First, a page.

In C#, it looks like this:


Session state can be disabled for an entire application by editing the sessionState section of the application's web.config file:

<sessionState  mode="off" />

Session state can be stored in one of three ways:

  • In-process

  • Out-of-process, as a Windows service

  • Out-of-process, in a SQL Server database

Each has advantages and disadvantages. Storing session state in-process is by far the most performant. The out-of-process stores are necessary in web farm or web garden scenarios (see Section 18-5.1.5 later in this chapter) or if the data must not be lost if a server or process is stopped and restarted.

For a complete discussion of session state, see Chapter 6. View state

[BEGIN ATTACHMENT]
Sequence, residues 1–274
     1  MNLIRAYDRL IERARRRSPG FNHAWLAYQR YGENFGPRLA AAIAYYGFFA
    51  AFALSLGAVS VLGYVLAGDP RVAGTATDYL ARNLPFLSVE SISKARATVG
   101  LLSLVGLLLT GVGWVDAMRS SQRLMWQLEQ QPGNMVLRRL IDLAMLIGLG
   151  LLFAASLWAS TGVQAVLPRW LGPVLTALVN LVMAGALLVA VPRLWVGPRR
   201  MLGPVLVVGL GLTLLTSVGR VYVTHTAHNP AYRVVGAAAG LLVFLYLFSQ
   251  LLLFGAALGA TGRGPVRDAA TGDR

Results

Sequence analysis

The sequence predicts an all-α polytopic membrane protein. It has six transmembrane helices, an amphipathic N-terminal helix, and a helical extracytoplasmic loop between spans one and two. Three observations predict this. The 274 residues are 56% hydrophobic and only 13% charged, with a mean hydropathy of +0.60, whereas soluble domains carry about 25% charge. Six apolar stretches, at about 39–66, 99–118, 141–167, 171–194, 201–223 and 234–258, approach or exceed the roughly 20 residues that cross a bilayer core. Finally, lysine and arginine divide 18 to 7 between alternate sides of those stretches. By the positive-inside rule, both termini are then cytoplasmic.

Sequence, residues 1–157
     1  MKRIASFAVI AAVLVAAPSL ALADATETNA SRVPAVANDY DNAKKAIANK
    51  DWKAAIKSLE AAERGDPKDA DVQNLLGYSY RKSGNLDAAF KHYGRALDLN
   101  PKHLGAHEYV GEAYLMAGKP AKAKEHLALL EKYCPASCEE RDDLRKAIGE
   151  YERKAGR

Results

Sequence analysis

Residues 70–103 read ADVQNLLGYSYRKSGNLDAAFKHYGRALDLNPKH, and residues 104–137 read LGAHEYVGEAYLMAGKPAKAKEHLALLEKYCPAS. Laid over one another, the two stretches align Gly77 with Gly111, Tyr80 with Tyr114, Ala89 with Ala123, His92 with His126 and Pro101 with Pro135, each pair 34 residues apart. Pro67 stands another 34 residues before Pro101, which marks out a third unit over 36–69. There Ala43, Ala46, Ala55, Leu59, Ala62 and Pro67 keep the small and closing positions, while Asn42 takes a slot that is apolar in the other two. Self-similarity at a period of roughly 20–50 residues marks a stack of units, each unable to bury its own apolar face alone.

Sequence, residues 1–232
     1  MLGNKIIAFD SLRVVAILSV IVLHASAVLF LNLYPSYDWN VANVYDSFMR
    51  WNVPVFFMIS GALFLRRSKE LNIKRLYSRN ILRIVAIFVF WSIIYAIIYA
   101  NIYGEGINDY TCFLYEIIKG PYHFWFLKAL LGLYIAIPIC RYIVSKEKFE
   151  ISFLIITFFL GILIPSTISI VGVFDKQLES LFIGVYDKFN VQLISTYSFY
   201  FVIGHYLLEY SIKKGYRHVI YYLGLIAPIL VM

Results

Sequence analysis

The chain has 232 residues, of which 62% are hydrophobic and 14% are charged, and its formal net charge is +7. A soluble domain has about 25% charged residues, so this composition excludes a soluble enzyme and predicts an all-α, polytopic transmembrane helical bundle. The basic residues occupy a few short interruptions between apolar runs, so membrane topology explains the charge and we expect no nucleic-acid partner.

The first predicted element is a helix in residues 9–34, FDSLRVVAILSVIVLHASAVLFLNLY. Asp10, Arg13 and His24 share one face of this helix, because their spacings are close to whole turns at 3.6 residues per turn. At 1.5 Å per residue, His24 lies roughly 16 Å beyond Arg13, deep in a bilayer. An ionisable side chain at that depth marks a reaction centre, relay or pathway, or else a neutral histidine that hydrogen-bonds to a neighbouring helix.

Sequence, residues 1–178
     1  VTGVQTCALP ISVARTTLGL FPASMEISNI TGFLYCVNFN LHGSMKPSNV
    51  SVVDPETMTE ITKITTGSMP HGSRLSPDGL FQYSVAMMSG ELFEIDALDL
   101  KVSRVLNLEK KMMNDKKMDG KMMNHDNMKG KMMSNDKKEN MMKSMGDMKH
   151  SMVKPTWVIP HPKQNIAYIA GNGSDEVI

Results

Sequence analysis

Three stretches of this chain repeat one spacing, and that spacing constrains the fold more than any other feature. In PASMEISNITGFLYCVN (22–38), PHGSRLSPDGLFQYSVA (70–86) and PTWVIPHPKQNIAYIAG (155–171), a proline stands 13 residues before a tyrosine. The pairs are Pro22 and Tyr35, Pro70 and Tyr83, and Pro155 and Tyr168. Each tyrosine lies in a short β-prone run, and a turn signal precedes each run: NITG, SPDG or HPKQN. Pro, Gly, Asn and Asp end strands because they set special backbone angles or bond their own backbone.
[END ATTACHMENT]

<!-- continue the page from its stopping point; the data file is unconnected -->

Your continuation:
Automatic view state management is another great feature of ASP.NET server controls that enables the controls to correctly show property values after a round trip with no work on the part of the developer. However, there is a performance penalty. This information is passed back and forth via a hidden field, which consumes bandwidth and takes time to process. To see the amount of data used in view state, enable tracing and look at the Viewstate column of the Control Hierarchy table.

By default, view state is enabled for all server controls. To disable view state for a server control, set the EnableViewState attribute to false, as in the following example:

    text="Enter book name."
    toolTip="Enter book name here."
    runat="server" />

You can also disable view state for an entire page by setting the EnableViewState attribute of the Page directive to false, as in: